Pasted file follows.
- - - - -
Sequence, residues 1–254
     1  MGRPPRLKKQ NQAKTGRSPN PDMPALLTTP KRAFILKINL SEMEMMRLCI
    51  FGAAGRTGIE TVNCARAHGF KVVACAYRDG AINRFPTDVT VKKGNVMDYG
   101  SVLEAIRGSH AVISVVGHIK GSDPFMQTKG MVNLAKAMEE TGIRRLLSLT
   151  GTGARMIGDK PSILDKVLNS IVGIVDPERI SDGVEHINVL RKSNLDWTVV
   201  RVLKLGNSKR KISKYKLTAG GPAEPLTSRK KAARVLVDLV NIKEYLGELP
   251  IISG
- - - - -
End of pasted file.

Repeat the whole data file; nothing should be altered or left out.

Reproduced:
Sequence, residues 1–254
     1  MGRPPRLKKQ NQAKTGRSPN PDMPALLTTP KRAFILKINL SEMEMMRLCI
    51  FGAAGRTGIE TVNCARAHGF KVVACAYRDG AINRFPTDVT VKKGNVMDYG
   101  SVLEAIRGSH AVISVVGHIK GSDPFMQTKG MVNLAKAMEE TGIRRLLSLT
   151  GTGARMIGDK PSILDKVLNS IVGIVDPERI SDGVEHINVL RKSNLDWTVV
   201  RVLKLGNSKR KISKYKLTAG GPAEPLTSRK KAARVLVDLV NIKEYLGELP
   251  IISG